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  1. #1
    Join Date
    Jul 2003
    Location
    Kapiti in New Zealand
    Posts
    4,031

    Default Property investors warned: donít delay buying

    By Jessica Stanic on Thursday, 30 April 2009

    Property expert and CEO of property portfolio company Empire, Chris Gray has warned property investors not to delay buying and to take advantage of the current market conditions.

    Rate cuts and the First Home Owner Grant have seen a surge in first home buyer activity in the market, and investors should use this as an opportunity to enter the market themselves, says Gray.

    ďInvestors should not leave it too late to enter the property market. Many people truly believe that residential property is a safe, solid investment for the future and are keen to invest.

    ďBut in my experience as a buyers agent, Iíve found people tend to wait for 100 per cent perfect conditions before making a decision. If they miss that exact point in time, it leads it leads to more excuses.Ē

    While the current market is driving the perception that now is not a good time to buy, Gray said that the truly smart investors are using recession-proof strategies to build their portfolios.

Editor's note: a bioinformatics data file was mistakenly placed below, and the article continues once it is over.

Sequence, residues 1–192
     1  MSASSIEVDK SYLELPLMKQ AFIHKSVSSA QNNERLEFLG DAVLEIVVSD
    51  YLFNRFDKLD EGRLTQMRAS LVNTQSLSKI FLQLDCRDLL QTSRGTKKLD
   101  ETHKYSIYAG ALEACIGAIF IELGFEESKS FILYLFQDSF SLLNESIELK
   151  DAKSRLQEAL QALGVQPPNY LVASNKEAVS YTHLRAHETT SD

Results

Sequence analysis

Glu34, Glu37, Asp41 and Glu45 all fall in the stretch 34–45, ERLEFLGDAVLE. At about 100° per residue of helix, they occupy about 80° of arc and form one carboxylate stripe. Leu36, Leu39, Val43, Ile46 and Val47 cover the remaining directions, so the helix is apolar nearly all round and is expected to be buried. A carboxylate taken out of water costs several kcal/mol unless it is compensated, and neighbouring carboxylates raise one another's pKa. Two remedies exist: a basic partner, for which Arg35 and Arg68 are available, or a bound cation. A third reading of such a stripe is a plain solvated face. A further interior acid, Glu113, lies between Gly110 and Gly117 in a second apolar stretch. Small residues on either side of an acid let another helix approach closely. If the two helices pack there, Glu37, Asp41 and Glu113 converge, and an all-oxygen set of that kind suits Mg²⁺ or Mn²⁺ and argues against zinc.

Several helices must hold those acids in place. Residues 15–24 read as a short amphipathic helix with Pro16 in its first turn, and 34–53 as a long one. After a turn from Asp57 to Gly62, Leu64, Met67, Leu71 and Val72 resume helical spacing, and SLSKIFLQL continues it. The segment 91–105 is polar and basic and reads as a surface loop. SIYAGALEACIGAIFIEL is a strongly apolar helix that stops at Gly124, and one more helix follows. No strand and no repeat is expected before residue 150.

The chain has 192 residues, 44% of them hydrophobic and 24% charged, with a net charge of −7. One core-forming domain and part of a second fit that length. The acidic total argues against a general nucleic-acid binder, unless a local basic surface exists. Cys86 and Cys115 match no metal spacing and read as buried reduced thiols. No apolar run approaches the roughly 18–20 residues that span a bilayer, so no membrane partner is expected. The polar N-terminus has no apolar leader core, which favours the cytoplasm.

He has provided the following recession proof-strategies for investors when buying property:

    1. Choose property thatís attractive to tenants. Youíve got to buy something that suits the majority of tenants in that particular area. Factors such as these will ensure your property is attractive to renters and will guarantee your income stream.

    2. Choose property that will grow in value. If the property is close to a major CBD, beaches, schools, public transport and leisure facilities itís more likely to grow by more than the average in a good market and is more likely to hold itís value in a down market. If you buy around the median price then more people can afford to rent it and more people can afford to buy it if you put into a forced sale position.

    3. Buy blue chip. Cheap properties are cheap because they are not in great demand and thereís plenty to choose from. Itís often worth paying market value for a good property in a top suburb than it is to get a discount for something that no one else really wants. Time in the market is more important than timing the market.